growth

My daughter’s second grade art teacher did a very interesting experiment.  She had the second graders sit in front of a mirror and draw a picture of themselves in September.  Then in April she asked the kids to do another drawing of themselves while in front of a mirror.  Here are my daughter’s results.

I wonder if this is a mirror into her growth in self awareness.  Or is it just improvement in fine motor skills? Do the portraits show a happy child progressing toward a moody pre-teen?  Is she more aware of eyelashes, lip color and having hair that does not defy gravity six months later? She included her whole body standing on a blue ground in September.  In April we see only her face and shoulders. Does this mean her perception of how much space she occupies in the world has changes, or is her eyesight just better?

On the sewing front – I got another row attached to my blooming nine patch.

It only occurred to me this week that my husband might not like the finished quilt.  He loves the color green and this definitely isn’t a green quilt.  Someone suggested that I make this quilt reversible and make the back a green quilt.  Since quilting is a lot faster than knitting, I can see myself either doing that or making a second quilt altogether and just alternating them.  (I can’t see my husband ever making the bed though).

I’ve also been playing around with applique.  I didn’t think I liked applique until I tried it.

Cynthia at Stitch Your Art Out turned me on to a product that has the applique shapes printed on it. To work with it, you rough cut it out, and stitch around the solid line with interfacing on top of the right side of the fabric.  You have to make sure the rough side of the interfacing is touching the right side of the fabric.  Trim following the dotted lines.  Cut a slit along the dotted line in the middle, being careful not to cut your fabric.  Turn the whole thing inside out, and iron onto your background fabric.  From there you have a choice of sewing techniques.  I choose to use a nylon thread, and a blanket stitch with both the width and length setting at 1.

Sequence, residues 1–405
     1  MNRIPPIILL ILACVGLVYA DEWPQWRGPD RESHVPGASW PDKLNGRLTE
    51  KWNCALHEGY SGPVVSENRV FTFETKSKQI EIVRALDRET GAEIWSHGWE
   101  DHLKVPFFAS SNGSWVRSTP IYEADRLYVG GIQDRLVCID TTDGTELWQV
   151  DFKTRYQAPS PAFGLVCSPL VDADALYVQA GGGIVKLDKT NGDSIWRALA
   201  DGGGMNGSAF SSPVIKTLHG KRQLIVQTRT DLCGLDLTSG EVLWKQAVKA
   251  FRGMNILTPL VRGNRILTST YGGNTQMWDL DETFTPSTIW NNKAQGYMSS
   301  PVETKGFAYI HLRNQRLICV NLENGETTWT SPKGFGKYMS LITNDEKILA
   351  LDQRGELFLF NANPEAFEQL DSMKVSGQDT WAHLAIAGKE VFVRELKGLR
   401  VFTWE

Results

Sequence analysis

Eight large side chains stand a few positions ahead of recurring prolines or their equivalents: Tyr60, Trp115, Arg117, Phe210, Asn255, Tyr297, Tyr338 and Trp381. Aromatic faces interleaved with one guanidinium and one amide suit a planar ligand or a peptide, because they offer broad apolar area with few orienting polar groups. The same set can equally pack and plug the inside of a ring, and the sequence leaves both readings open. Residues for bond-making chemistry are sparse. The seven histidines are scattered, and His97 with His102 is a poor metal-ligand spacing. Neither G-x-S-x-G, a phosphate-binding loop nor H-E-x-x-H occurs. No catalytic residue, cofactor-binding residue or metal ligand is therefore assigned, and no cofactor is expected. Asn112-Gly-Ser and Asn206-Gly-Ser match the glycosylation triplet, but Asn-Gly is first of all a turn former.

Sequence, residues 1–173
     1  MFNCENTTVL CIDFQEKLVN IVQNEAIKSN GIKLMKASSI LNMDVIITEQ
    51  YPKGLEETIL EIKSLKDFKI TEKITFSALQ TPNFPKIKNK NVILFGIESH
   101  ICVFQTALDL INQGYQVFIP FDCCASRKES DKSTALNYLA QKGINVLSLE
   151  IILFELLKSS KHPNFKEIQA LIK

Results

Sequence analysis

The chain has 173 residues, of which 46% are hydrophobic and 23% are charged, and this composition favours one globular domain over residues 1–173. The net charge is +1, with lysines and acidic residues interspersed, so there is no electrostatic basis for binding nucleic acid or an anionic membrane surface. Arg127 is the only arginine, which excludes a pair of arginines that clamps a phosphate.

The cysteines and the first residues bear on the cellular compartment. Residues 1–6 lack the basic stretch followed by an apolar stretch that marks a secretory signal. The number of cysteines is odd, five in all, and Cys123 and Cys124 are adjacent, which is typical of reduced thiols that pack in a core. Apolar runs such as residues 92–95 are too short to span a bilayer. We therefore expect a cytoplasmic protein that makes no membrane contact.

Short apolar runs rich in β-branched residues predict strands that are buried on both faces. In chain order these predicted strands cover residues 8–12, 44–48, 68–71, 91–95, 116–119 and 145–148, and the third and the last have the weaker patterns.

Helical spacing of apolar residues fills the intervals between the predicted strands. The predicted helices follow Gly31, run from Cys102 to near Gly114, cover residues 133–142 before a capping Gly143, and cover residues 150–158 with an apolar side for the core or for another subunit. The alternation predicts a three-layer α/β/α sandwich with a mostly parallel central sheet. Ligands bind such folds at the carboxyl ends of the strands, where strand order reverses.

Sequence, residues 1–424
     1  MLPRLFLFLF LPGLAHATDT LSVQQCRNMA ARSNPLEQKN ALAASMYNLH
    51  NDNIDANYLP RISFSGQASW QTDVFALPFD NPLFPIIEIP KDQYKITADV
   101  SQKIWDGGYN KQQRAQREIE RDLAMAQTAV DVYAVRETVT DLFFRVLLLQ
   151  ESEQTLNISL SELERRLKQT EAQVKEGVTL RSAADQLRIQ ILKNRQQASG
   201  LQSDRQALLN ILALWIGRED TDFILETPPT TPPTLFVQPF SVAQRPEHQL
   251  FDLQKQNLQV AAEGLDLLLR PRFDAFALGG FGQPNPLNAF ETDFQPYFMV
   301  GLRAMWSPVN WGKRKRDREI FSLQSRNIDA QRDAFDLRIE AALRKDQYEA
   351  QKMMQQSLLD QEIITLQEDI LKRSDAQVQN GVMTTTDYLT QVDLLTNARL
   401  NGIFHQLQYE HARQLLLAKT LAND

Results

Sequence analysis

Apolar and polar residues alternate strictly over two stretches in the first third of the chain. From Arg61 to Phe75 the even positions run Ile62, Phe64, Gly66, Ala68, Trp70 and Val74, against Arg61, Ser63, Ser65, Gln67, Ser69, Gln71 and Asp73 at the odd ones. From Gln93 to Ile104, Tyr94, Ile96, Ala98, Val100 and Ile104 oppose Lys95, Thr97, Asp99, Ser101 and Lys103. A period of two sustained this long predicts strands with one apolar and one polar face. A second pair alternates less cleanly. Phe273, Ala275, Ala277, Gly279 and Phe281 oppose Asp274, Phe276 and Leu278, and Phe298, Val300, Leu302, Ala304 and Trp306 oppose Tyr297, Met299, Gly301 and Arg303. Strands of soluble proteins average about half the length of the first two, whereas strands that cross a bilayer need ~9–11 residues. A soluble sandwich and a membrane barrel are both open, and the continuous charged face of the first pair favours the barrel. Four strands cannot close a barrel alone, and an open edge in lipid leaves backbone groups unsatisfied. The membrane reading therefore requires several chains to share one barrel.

The end result is this:

I think I like the look of this method better than when you use a paper backed double sided fusible webbing.  It gives the edges a little bit of a raised look and makes the whole thing look almost like needle turned applique, which is something I never thought would matter to me.

If I did the same self portrait experiment my daughter did,  would my self portrait from 6 months ago somehow be able to indicate that six months ago I didn’t even know what needle turned applique was, and didn’t care.

 

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About 365daysofnoro

We love to knit with Noro yarns
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